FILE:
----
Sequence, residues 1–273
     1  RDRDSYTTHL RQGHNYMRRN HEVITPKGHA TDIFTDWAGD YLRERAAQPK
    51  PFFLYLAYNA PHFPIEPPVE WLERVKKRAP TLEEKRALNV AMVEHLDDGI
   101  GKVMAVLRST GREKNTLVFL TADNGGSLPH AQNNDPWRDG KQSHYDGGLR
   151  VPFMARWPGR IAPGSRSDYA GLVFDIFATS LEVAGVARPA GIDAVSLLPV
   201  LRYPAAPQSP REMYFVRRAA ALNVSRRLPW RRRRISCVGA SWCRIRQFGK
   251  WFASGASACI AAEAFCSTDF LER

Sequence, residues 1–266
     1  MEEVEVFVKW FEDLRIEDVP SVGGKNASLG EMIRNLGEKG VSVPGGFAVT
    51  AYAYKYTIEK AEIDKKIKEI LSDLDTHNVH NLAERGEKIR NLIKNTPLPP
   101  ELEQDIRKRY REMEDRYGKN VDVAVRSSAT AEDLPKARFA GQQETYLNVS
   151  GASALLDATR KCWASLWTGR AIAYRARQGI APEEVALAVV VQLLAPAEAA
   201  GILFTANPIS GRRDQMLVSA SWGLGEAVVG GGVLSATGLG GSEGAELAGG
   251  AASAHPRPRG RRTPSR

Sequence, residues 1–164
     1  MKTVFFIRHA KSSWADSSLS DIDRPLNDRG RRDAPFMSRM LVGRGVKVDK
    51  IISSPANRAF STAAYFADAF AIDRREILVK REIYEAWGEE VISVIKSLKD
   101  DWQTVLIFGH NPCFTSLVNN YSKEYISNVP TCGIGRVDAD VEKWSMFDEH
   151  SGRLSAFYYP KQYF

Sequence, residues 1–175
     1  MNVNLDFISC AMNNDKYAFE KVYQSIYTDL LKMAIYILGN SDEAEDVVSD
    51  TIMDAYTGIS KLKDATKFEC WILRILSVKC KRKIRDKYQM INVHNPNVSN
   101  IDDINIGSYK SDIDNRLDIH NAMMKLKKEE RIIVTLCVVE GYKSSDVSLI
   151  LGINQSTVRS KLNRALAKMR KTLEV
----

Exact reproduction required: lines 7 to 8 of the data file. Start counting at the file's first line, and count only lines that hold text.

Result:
   251  WFASGASACI AAEAFCSTDF LER

Sequence, residues 1–266